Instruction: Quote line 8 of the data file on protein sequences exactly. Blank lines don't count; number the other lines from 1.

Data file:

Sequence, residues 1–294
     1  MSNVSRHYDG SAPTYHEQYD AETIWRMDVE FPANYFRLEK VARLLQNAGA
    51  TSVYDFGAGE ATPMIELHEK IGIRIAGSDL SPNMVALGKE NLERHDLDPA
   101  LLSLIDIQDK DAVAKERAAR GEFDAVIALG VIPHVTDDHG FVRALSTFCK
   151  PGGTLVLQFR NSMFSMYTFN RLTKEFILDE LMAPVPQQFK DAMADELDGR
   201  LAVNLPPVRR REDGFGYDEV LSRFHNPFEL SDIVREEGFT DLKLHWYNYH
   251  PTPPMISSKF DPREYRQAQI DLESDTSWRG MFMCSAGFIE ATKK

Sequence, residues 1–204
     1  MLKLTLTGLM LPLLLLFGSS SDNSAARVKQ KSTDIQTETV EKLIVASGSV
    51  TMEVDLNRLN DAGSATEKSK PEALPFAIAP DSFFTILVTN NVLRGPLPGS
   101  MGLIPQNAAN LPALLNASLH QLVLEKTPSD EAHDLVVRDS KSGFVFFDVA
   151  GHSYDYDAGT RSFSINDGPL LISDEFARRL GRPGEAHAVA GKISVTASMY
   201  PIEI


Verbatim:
Sequence, residues 1–204